Like most other wedding in history, all British royal weddings begin with: the engagement.
But unlike regular weddings, these ones involve an elaborately choreographed event that will be watched by an audience of millions.
One of the first decisions a couple makes is deciding where to actually do the thing.
If they are really into history and tradition, there's really only one choice: "From the solemnity of the abbey."
But not this time.
The big change is this wedding between Prince Harry and Meghan Markle.
You don't have all the ambassadors from all the different countries, you don't have heads of state coming to this wedding.
One reason is because the Chapel Windsor can only take 600 people and therefore there simply isn't space.
But it's also clearly the desire of Prince Harry and Meghan Markle to have a more informal wedding.
At around two months before the big day, the Lord Chamberlain's office sends out individually handcrafted invitations.
There's flowers and fittings and the entirety of the city to prepare.
While the bride and groom head to sleep in different homes — spectators who want a decent view of the public processions will be sleeping outside.
And just a few hours later, Some have traveled hundreds or even thousands of miles and they camped out overnight to get a prime position along that procession route.
The general rule of royal weddings is the the less important you are, the earlier you arrive, and the farther back you sit.
If you're there representing a charity, if a member of the armed forces, or a celebrity, you're relegated to the nave of the church, which means you might not even get to see the actual ceremony.
Close friends of the bride and groom and other guests will head in at least an hour and a half before.
Most of the time it is: groom up at the front.
The royal procession comes in order In order of precedence, which means the more junior royals come first and last comes the Queen and her husband Prince Philip.
Lots of fanfare as they come and then the bride turns up.
When the bride arrives, the details of the dress are finally revealed after months of top secrecy.
I am beside myself. This is such a fashion moment, I can't tell you.
And regardless of who the designer is, she'll be wearing white and will carry a sprig of myrtle in her bouquet, which symbolizes love and marriage — both of which are trends started by Queen Victoria.
The bride's tiara is almost always the "something borrowed," likely from one of the family's collections of jewels.
Since 1923, the ring placed on the bride's finger is always made from Welsh gold — Elizabeth and Diana's rings even came from the same nugget.
The ceremony's performed by the Archbishop of Canterbury and only takes about an hour.
Towards the end, the bride, groom, and their two witnesses go into a private room to sign the registrar.
At that point the wedding is sanctified in law, as it was sanctified by religious service a few minutes previously.
Officially married, the bride and groom exit, closely followed by the Procession of the Queen.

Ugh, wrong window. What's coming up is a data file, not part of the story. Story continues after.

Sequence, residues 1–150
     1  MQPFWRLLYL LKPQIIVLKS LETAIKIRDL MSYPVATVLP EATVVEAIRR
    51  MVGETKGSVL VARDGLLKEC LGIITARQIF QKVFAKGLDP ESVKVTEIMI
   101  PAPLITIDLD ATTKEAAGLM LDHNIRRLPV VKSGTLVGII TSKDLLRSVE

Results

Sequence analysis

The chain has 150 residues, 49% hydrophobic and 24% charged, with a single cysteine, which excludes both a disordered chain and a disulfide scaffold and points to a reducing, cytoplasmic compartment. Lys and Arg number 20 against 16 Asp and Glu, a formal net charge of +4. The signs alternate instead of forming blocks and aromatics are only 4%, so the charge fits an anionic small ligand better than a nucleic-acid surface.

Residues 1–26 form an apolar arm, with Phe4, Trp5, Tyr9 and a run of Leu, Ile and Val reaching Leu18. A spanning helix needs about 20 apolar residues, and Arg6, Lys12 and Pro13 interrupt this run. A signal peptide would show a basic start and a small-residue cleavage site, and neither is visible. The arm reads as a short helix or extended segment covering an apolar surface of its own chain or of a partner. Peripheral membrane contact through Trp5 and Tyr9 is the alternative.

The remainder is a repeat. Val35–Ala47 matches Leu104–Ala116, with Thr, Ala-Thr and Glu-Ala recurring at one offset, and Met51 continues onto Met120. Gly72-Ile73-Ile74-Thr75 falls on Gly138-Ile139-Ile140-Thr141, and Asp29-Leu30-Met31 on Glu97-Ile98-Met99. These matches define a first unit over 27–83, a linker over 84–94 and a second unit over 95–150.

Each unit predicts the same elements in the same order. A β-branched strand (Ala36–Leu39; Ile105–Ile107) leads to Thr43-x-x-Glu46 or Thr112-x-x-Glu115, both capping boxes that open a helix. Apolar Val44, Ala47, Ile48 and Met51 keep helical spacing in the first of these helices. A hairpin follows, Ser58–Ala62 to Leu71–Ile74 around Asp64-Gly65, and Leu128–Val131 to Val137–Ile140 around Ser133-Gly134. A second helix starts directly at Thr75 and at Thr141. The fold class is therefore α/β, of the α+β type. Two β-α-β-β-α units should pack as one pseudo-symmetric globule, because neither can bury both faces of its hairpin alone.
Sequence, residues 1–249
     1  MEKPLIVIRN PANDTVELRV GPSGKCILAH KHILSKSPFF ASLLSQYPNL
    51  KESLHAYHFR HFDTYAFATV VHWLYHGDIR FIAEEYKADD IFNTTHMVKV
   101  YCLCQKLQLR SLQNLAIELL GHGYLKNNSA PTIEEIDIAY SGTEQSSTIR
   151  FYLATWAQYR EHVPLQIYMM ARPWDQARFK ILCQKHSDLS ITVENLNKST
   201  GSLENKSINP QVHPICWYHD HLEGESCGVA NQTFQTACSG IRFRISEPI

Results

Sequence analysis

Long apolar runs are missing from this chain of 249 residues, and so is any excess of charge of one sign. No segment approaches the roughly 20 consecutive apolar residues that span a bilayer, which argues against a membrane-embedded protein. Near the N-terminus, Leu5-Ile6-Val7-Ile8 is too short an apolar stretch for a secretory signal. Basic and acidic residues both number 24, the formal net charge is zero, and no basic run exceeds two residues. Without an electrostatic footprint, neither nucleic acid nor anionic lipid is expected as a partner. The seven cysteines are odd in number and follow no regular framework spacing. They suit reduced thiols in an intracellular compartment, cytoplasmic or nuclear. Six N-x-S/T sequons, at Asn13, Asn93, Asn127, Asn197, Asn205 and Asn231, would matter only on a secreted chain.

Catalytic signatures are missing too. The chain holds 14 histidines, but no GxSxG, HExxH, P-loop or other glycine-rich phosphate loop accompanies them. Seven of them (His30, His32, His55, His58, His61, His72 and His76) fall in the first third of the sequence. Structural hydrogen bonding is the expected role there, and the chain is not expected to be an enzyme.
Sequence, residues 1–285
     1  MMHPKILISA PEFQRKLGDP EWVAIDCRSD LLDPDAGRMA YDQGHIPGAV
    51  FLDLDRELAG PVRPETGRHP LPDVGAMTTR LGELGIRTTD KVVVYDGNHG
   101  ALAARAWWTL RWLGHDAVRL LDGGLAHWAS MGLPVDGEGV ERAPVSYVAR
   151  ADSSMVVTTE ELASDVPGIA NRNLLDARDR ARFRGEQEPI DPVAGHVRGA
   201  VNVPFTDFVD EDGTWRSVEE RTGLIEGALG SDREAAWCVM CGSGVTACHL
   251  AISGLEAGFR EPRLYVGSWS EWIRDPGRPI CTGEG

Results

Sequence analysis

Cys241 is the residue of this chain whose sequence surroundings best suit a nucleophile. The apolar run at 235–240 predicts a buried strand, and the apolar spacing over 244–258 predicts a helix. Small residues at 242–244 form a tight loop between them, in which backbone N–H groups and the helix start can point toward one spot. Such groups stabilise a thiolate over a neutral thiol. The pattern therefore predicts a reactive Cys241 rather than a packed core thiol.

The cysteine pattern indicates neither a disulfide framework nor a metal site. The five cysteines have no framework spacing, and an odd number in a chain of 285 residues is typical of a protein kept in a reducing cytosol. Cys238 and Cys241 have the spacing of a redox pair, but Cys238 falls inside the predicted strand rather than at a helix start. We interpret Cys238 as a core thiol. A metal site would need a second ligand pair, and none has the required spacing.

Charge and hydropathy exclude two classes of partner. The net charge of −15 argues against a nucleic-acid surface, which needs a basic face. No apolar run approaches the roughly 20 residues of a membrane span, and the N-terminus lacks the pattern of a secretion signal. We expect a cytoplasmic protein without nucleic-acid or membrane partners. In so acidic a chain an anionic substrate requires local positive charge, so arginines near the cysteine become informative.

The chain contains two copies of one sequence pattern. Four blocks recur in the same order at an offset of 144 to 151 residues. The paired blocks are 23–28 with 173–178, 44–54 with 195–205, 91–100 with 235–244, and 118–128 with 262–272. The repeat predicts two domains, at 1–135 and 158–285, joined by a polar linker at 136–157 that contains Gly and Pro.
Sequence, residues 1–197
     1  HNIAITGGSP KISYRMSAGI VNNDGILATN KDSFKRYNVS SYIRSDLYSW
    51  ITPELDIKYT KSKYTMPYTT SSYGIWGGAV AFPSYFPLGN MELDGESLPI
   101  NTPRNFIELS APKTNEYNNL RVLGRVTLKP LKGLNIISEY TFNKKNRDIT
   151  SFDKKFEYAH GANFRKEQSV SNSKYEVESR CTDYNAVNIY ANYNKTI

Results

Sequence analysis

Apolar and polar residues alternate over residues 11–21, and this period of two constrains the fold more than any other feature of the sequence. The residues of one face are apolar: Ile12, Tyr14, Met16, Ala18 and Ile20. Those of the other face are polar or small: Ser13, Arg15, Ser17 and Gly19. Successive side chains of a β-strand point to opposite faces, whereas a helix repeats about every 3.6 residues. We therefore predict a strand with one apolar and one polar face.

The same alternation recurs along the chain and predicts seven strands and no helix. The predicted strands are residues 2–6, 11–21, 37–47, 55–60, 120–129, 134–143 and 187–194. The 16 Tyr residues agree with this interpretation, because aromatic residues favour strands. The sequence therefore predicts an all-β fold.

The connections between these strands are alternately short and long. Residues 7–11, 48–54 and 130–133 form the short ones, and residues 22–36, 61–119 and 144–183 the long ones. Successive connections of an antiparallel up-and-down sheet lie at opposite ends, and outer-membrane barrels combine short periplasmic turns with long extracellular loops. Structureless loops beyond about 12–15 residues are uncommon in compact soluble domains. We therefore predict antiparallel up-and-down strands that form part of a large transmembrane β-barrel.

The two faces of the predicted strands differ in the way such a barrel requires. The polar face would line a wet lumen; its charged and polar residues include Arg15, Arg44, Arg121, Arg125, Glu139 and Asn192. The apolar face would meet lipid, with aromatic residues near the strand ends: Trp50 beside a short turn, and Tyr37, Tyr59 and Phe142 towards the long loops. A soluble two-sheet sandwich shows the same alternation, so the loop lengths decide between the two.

If there's any heart that hasn't been run over by her today, it can kindly surrender now.
There's a good chance you'll hear "Pomp and Circumstance" around this time — although Americans associate it with high school graduations, it was originally written for the coronation of King Edward VII.
The bride and groom will likely make their way into the open 1902 State Landau for the official carriage procession around the city — that's when the crowds who have been waiting for hours, or possibly days, will get their first look at the royal couple.
This usually concludes with the iconic appearance on the Buckingham Palace balcony — on which Diana and Charles were the first to kiss.
The kiss is a critical moment in the entire royal wedding ceremony.
You don't just throw it away in the middle of church.
It has to be seen live by hundreds of thousands of peoples.
And just in case anyone had missed it, Prince William suggests one more kiss.
Because Meghan and Harry's wedding is 20 miles outside of London, their first public kiss as a married couple will have to happen someplace else.
Afterwards, the wedding party takes official photos, and ceremony guests gather for the "wedding breakfast," complete with a traditional fruit cake.
Though in the past the bride and groom would change clothes and depart for their honeymoon directly afterwards, current royals have gone for a more modern approach with a real party.
And they won't be the only ones celebrating.
It is generally seen as an excuse to have a good time and somewhat buttoned-up Brits who don't really have a good time in public that much, let their hair down and enjoy themselves in the middle of their street.
At that point it's a pretty normal wedding reception —although normal ones don't generally include (rumoured) performances by Elton John and the Spice Girls.
The royal couple will head off for the honeymoon — which is almost certainly within the British Commonwealth, while the rest of the country nurses a hangover.
As they leave far behind them, an exhilarated, exhausted London, for them, as for any newlyweds, the adventure is just about to begin.